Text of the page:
|Publication number||US4986897 A|
|Application number||US 07/458,054|
|Publication date||Jan 22, 1991|
|Filing date||Dec 28, 1989|
|Priority date||Dec 28, 1989|
|Publication number||07458054, 458054, US 4986897 A, US 4986897A, US-A-4986897, US4986897 A, US4986897A|
|Inventors||Arthur A. Chin|
|Original Assignee||Mobil Oil Corporation|
|Export Citation||BiBTeX, EndNote, RefMan|
|Patent Citations (14), Referenced by (16), Classifications (11), Legal Events (6)|
|External Links: USPTO, USPTO Assignment, Espacenet|
1. Field of the Invention
The invention relates to catalytic reduction of oxides of nitrogen, NOx, with ammonia.
2. Description of Related Art
The presence of NOx, or oxides of nitrogen, in flue gas streams, is a pervasive problem. Several powerful ways have been developed to deal with the problem. A non-catalytic approach, using carbonaceous substances to reduce NOx will be reviewed first, followed by a review of several ammonia-based processes.
In Green et al, U.S. Pat. No. 4,828,680, which is incorporated herein by reference, the level of NOx emissions from a fluidized catalytic cracking (FCC) unit was reduced by incorporating carbonaceous particles such as sponge coke or coal into the circulating inventory of cracking catalyst. The carbonaceous particle performed several functions, selectively absorbing metal contaminants in the feed and also reducing NOx emissions in certain instances.
This approach is most suited to FCC units, where large volumes of coal or coke-containing particles can be easily handled. Some modification of the FCC unit may be necessary, and the reduction in NOx emissions may not be as great as desired.
It is also known to react NOx in flue gas with NH3. NH3 is a very selective reducing agent, which does not react rapidly with the excess oxygen which may be present in the flue gas.
Two types of NH3 process have evolved, thermal and catalytic.
Thermal processes, such as the Exxon Thermal DeNOx process, generally operate as homogeneous gas-phase processes at very high temperatures, typically around 1550°-1900° F. More details of such a process are disclosed by Lyon, R. K., Int. J. Chem. Kinet., 3, 315, 1976, which is incorporated herein by reference.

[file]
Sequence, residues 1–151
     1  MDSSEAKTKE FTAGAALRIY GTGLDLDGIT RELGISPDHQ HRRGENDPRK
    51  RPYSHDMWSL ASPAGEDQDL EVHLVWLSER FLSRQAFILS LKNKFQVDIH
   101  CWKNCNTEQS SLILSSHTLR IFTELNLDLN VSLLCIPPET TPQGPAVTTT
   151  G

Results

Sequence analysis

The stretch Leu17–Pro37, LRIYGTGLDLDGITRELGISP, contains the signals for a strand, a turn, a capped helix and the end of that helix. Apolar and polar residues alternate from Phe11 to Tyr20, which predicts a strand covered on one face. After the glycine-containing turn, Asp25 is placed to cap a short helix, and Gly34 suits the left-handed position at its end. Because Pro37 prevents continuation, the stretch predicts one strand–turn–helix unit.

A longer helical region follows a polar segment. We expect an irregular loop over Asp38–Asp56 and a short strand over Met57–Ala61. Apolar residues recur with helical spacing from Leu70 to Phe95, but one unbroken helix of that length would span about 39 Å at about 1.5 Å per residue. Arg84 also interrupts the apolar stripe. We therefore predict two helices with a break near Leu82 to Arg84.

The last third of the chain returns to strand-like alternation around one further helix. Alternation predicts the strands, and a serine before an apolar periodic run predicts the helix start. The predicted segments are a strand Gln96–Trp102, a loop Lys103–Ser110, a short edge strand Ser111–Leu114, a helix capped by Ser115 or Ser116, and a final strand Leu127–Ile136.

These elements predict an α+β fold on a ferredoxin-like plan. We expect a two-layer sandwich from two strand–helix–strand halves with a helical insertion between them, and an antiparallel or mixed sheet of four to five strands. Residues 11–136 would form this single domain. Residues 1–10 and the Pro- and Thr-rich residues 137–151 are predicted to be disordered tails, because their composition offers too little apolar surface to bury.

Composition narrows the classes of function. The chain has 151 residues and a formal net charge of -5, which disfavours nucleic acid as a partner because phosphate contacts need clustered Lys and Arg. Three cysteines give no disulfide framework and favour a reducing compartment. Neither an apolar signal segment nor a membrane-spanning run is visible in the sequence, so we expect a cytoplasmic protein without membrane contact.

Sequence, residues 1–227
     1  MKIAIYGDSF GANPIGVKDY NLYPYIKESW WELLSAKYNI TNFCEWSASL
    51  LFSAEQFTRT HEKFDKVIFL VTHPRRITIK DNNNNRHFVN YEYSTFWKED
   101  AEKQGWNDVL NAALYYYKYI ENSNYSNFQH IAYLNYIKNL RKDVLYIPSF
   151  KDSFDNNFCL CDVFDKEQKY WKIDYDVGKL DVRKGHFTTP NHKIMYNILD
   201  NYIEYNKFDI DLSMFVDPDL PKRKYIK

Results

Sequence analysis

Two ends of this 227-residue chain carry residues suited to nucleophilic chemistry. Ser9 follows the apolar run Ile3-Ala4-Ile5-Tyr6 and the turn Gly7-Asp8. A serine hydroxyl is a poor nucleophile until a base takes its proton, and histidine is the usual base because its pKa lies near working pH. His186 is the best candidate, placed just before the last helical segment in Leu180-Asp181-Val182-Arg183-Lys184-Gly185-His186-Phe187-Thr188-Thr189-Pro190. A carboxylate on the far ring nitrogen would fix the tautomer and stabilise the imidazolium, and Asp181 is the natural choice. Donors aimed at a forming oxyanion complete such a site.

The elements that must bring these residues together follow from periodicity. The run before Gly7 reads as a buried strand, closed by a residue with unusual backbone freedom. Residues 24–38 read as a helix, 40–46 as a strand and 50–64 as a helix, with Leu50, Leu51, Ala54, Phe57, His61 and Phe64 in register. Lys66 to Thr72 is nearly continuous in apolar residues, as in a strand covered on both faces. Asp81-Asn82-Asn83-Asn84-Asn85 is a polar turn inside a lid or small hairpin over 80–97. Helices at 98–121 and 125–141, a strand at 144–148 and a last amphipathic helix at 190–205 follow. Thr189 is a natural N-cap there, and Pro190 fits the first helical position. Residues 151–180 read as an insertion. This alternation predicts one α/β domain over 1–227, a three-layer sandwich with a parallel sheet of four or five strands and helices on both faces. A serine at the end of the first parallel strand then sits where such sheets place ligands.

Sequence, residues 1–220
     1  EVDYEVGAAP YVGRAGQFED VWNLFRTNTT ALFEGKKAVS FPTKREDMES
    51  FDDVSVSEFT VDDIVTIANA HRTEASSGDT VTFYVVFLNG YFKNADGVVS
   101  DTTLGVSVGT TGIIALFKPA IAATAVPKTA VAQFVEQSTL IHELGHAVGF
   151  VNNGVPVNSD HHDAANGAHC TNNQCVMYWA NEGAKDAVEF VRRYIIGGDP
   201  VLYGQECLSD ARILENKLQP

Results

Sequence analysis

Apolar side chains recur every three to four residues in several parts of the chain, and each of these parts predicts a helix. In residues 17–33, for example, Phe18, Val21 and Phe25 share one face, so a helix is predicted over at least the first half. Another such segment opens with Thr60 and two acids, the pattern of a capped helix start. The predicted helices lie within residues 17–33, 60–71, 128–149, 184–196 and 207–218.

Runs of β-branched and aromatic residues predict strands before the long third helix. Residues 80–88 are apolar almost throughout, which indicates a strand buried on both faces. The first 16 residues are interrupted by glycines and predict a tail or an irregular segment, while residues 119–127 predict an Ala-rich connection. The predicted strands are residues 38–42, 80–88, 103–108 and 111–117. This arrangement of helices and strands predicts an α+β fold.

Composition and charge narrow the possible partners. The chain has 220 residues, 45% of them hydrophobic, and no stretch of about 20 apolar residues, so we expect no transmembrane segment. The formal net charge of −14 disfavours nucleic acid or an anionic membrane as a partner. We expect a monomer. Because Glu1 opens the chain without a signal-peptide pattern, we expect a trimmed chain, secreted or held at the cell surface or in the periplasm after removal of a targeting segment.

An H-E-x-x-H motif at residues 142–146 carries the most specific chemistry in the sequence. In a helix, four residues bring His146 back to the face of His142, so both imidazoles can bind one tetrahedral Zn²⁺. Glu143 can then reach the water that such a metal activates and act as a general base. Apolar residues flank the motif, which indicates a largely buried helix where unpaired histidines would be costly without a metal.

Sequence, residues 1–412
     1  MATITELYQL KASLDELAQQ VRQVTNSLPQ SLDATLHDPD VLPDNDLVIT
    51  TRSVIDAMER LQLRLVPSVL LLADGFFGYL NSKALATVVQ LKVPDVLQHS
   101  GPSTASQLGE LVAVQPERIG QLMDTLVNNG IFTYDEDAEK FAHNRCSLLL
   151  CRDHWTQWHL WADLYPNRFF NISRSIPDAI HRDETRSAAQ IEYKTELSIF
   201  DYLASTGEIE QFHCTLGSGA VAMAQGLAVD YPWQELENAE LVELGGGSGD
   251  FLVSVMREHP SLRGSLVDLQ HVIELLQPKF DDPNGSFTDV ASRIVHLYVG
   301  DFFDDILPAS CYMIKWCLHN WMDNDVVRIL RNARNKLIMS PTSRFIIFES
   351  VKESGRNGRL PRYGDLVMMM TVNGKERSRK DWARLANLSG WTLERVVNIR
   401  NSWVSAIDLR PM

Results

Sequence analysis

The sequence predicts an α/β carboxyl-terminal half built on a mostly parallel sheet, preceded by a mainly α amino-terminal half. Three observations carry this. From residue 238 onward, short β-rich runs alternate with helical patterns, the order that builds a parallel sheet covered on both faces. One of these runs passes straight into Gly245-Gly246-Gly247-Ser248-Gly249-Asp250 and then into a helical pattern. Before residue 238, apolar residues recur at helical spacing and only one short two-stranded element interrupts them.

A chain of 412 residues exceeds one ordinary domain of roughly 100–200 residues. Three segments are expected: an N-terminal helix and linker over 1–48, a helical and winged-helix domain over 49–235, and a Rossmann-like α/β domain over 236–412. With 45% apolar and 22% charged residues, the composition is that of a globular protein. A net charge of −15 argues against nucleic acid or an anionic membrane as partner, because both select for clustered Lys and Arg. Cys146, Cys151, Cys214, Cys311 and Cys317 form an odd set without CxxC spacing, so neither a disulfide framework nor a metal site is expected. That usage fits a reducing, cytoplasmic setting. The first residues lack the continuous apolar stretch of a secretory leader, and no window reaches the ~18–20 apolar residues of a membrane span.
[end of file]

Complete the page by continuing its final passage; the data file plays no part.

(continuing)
The catalytic systems which have been developed usually operate at much lower temperatures, typically at 300°-850° F. These temperatures are typical of flue gas streams. Unfortunately, the catalysts used in these processes are readily fouled, or the process lines plugged, by catalyst fines which are an integral part of FCC regenerator flue gas.
Perhaps one reason why NH3 has not been added commercially to FCC regenerators is the possibility that the added ammonia, in the conditions experienced in the typical FCC regenerator, could actually increase the NOx emissions. NH3, in the presence of O2, at temperatures above 900° F., can be oxidized to form NOx, when catalysts such as V2 O5 are present. This was reported by Bosch, H and Janssen, F, Catalysis Today, 4(2), 1987. Direct addition of such catalyst, V2 O5, to FCC regenerators is undesirable because such materials are poisons to the FCC process, and because the FCC regenerator environment, in the presence of such highly oxidized vanadium catalysts, could convert NH3 to NOx
I wanted a way to take advantage of the selective DeNOx capability of NH3, but without operating at the high temperatures required by the thermal systems, and using a catalyst system which would be compatible with the contaminants found in FCC regenerator and other similar flue gas streams. Ideally, I wanted a process which could be added on to, or incorporated into, an existing NOx generator, such as an FCC regenerator, without adding greatly to the capital cost of the unit. I especially wanted to have a way to safely add NH3 to an FCC regenerator flue gas stream, in a way which would reduce NOx emissions, without intermittently adding NH3 to the atmosphere as unit operation changed.
I discovered that the reduction of NOx emissions by contact with NH3 could be greatly improved in an FCC unit by adding a NOx conversion catalyst. With the use of an NOx conversion catalyst, the process became one which could be used for stack gas cleanup in general, and which was especially useful in FCC units.
Accordingly the present invention provides a process for reducing the nitrogen oxides (NOx) content of a flue gas stream containing NOx produced by a combustion process comprising removing said flue gas stream from said combustion process, contacting, in a NOx reduction zone, said flue gas stream with ammonia or an ammonia precursor and a catalytically effective amount of a catalyst effective to reduce NOx to nitrogen in the presence of ammonia to reduce the content of NOx in said flue gas and produce a flue gas with a reduced content of NOx.
In another embodiment, the present invention provides a process for reducing the nitrogen oxides (NOx) content of a flue gas stream containing NOx produced by a fluidized catalytic cracking (FCC) unit operating with a circulating inventory of FCC catalyst which circulates between a FCC reactor which catalytically cracks a hydrocarbon feed to produce lighter products and spent catalyst, and wherein the spent catalyst is regenerated in an FCC regenerator to produce regenerated catalyst and flue gas comprising NOx comprising adding to the circulating inventory of FCC catalyst a catalytically effective amount of a DeNOx catalyst having activity to reduce NOx by contact with NH3 in the oxidizing conditions existing in the FCC regenerator, and adding to the FCC regenerator ammonia or an ammonia precursor in an amount sufficient to reduce at least a portion of the NOx present in the flue gas.